Cross-contamination – What Is It?

Cross-contamination is one of the most common causes of foodborne illness. What does this consist of? What steps should we take to avoid it? Keep reading and find out all about cross-contamination!
Cross-contamination - what is it?

Cross-contamination is one of the most common causes of foodborne illness. But how does this happen? In today’s article, we will tell you everything you need to know about this topic.

One of the most important factors in the development of foodborne illness is their poor management. According to the Ministry of Agriculture, storage, cooking, washing of raw materials and hygiene of utensils, among others, are the determining factors of a possible food poisoning.

When food production, preservation and storage processes are not properly controlled, the possibility of cross-contamination increases.

Cross-contamination: what is it?

Woman avoiding cross-contamination of food
Cross-contamination occurs when a toxic agent from one food is transferred to another.

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Things to consider when handling food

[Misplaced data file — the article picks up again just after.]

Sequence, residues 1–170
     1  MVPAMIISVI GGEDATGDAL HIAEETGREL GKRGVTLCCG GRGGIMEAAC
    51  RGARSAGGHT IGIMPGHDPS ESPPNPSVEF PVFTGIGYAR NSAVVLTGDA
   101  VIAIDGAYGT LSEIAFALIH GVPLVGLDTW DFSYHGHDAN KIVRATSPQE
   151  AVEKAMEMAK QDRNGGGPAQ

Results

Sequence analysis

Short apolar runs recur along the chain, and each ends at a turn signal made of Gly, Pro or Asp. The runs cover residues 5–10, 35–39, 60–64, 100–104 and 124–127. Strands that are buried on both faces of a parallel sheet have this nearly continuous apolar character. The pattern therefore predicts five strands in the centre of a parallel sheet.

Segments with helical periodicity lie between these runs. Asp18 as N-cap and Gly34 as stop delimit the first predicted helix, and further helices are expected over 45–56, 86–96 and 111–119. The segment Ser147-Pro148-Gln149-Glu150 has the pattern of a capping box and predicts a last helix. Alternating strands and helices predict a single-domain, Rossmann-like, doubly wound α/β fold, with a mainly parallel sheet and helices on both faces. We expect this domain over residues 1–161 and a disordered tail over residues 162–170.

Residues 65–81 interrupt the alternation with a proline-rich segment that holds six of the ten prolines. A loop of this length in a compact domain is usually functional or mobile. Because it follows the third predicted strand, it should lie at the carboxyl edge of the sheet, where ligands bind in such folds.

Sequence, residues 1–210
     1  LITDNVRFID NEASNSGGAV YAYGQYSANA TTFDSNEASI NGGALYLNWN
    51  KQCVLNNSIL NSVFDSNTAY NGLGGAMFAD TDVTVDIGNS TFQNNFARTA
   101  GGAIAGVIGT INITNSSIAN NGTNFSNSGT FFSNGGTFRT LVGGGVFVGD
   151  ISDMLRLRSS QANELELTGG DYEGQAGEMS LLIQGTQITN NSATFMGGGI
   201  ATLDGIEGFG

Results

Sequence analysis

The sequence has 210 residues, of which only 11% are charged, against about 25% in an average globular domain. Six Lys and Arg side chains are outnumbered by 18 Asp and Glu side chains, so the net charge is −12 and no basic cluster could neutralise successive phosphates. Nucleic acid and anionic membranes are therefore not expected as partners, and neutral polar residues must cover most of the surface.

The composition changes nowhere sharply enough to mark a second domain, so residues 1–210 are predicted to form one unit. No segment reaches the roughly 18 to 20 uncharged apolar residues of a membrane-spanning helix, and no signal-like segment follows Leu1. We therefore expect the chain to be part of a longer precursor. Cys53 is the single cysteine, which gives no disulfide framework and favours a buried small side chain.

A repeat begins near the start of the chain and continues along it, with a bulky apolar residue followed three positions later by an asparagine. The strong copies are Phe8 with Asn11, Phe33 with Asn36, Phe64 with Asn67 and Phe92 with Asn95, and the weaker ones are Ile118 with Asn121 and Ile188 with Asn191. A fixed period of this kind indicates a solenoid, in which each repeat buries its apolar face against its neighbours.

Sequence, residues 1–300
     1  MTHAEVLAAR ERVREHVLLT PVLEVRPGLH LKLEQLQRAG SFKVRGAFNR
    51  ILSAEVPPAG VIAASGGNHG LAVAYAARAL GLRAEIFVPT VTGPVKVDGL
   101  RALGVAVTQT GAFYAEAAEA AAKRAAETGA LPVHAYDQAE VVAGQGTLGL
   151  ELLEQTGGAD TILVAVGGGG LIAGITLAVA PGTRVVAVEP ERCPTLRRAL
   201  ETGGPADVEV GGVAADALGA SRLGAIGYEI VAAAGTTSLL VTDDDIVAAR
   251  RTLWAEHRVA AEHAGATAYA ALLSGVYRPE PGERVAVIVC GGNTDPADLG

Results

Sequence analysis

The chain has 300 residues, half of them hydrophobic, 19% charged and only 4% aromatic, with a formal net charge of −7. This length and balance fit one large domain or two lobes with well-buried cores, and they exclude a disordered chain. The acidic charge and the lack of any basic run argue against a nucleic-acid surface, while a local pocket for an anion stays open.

Woman washing a salad in the sink
To avoid cross-contamination, you must ensure proper food and kitchen hygiene, especially of the surfaces on which you intend to place the products.

Cross-contamination: measures to avoid it

  • Keep cleaning and disinfecting chemicals in a special place away from food.
  • Periodically clean kitchen work surfaces with hot water and detergents; never let the animals you may have in the household come in contact with them.
  • Use disposable paper towels to clean surfaces. When using kitchen towels or dishcloths, you should replace them whenever necessary.
  • Rinse the treated surface and utensils after disinfection to completely remove any disinfectant residue. Do not use detergent and bleach at the same time. The detergent inactivates the bleach and this decreases its disinfectant action.
  • When preparing food, make sure that the necessary utensils and equipment are cleaned and disinfected properly.
  • After you have finished handling raw food and before handling cooked products, clean and disinfect all utensils, equipment and tables.
  • Place raw foods at the bottom of the refrigerator to prevent juices from contaminating ready-to-eat products. Protect any cuts or injuries with waterproof bandages and treat them with an antiseptic. Also, do not cook if you are sick or have a skin infection.
  • Wash your hands with soap and water before, during and after cooking. Also, do this whenever you handle raw foods, after using the bathroom and after handling chemicals.

Aspects to be clarified

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